Tribunal should have taken judicial notice of “childcare disparity” in an indirect sex discrimination claim (EAT)

John Cook

The Employment Appeal Tribunal has held that a tribunal hearing an indirect sex discrimination claim erred by failing to take judicial notice of what it referred to as the “childcare disparity”, namely that women, because of their childcare responsibilities, were less likely to be able to accommodate certain working patterns than men.

Mrs Dobson (the Claimant) was employed by the North Cumbria Integrated Care NHS Foundation Trust (the Trust) as a Band 5 community nurse within the Cockermouth Community Nursing Team. She worked fixed days per week. Following a review in 2016, the Trust sought to introduce more flexible working. In particular, it introduced a requirement that community nurses work flexibly, including working at weekends.

The Claimant was unable to comply because of her caring responsibilities for her three children, two of whom are disabled. She was dismissed.

She brought claims of unfair dismissal and indirect discrimination and was unsuccessful in the Employment Tribunal. She appealed against that decision.

Indirect discrimination
Section 19 of the Equality Act 2010 (EqA 2010) provides that A discriminates indirectly against B where:

  • A applies to B a provision, criterion or practice (PCP).
  • B has a protected characteristic.
  • A also applies (or would apply) that PCP to persons who do not share B’s protected characteristic.
  • The PCP puts or would put persons with whom B shares the protected characteristic at a particular disadvantage compared to others.
  • The PCP puts or would put B to that disadvantage.
  • A cannot show the PCP to be a proportionate means of achieving a legitimate aim.

Judicial notice
Courts sometimes give judicial notice to matters without admissions from a party or the need for evidence. Phipson on Evidence (19th Edition) states that:

  • There are two broad categories of matters of which judicial notice may be taken:
  • those where the facts “are so notorious or so well established to the knowledge of the court that they may be accepted without further enquiry”; and
  • those that “may be noticed after inquiry, such as after referring to works of reference or other reliable and acceptable sources”.
  • The court must take judicial notice of matters directed by statute and of matters that have been “so noticed by the well-established practice or precedents of the courts”.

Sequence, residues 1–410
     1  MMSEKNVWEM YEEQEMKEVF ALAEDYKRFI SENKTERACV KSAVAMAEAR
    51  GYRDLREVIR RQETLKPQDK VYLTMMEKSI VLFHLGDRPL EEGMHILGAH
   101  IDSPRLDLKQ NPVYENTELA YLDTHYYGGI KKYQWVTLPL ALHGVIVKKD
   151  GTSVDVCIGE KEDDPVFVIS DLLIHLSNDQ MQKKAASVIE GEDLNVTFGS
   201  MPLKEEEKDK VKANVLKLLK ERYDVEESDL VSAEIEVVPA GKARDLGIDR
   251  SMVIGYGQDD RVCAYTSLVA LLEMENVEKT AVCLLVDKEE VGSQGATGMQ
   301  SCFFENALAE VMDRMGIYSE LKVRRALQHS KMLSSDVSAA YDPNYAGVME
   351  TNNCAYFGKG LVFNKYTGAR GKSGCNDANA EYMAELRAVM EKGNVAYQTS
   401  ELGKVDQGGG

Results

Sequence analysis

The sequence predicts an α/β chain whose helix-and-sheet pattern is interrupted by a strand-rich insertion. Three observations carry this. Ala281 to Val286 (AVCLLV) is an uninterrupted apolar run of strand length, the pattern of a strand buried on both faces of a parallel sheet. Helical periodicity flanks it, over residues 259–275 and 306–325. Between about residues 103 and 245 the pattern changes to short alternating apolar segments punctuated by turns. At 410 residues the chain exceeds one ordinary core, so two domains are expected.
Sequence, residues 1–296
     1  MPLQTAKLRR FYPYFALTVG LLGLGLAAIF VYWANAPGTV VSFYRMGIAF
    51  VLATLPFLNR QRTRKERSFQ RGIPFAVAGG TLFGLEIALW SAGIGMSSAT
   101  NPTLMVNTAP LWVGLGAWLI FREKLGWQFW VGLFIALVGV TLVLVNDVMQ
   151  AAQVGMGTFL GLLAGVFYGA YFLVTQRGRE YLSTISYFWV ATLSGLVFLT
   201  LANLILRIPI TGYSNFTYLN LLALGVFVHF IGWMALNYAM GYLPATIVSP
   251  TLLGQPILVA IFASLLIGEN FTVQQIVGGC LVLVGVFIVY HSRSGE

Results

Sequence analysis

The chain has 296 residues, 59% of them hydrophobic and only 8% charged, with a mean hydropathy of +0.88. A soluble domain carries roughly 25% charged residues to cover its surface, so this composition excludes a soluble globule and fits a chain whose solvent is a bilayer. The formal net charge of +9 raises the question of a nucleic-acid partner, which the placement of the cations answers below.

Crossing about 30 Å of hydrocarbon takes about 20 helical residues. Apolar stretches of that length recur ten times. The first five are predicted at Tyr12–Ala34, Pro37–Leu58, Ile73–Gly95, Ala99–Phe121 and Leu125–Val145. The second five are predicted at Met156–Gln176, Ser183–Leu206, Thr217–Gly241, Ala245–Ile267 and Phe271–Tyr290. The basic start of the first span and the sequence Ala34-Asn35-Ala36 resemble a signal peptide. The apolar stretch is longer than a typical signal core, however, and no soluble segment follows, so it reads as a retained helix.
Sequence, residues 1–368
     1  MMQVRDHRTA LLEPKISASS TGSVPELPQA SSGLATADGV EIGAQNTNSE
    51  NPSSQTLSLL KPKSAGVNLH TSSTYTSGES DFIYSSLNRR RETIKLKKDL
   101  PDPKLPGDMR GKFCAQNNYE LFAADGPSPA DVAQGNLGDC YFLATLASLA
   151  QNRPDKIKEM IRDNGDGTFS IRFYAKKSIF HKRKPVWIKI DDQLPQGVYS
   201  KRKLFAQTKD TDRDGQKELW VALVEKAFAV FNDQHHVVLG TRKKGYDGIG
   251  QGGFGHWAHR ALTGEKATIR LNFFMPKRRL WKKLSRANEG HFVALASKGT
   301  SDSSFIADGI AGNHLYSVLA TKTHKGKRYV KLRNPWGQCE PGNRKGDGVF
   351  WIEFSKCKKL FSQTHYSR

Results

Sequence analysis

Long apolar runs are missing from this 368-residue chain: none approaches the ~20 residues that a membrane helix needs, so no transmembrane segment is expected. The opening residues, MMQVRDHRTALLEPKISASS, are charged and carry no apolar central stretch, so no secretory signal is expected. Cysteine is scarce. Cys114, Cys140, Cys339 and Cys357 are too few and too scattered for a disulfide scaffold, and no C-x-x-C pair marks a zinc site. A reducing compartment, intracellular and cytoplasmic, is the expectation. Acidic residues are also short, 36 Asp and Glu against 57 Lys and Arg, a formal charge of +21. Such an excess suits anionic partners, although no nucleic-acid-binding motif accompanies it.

• Beyond that, the court has a discretion and may take judicial notice of a relevant matter and may require it to be proved in evidence.
  • The party seeking judicial notice of a fact has the burden of convincing a judge that the matter is one capable of being accepted without further inquiry.

Allowing the appeal, the Employment Appeal Tribunal held that the Employment Tribunal had fallen into error by limiting the pool for comparison to the team in which the Claimant worked.

The provision, criterion or practice (PCP) in this case was the requirement to work flexibly, including at weekends.

That PCP was applied to all community nurses across the Trust. Logic therefore dictated that the appropriate pool for comparison was all community nurses.

The Employment Tribunal was also wrong to reject the claim that there was group disadvantage on the basis that there was no evidence of the same. The Employment Tribunal failed to take judicial notice of the fact that women, because of their childcare responsibilities, were less likely to be able to accommodate certain working patterns than men. These conclusions meant that, in the circumstances of this case, the findings on justification and unfair dismissal could not stand and would have to be revisited.

The EAT observed that judicial notice of the childcare disparity had been taken in several authorities. That was not to say that the matter was set in stone since many societal norms and expectations change over time. However, the assumptions made and relied upon in the authorities with respect to the childcare disparity were still very much supported by the evidence presented to the EAT.

Nevertheless, the childcare disparity does not inevitably lead to the conclusion that any form of flexible working puts or would put women at a particular disadvantage. This would depend on the particular provision, criterion or practice (PCP) in question.

In this case, the PCP was to work flexibly, including at weekends, as and when required by the employer. The employee had no flexibility under the arrangement to choose working hours or days within certain parameters. As such, the relationship between the childcare disparity and the PCP in question was likely to result in group disadvantage being made out.

Dobson v North Cumbria Integrated Care NHS Foundation Trust UKEAT/0220/19 (22 June 2021)

John Cook – Solicitor

John Cook

I am a qualified Solicitor with over 30 years’ experience running a business, managing a team, appearing in the Employment Tribunal and advising on almost every conceivable employment law and HR issue. Clients appreciate my down to earth and straight forward approach that allows them to achieve results and manage their organisation more effectively. I take the worry out of employment law and HR issues with a proactive and robust approach.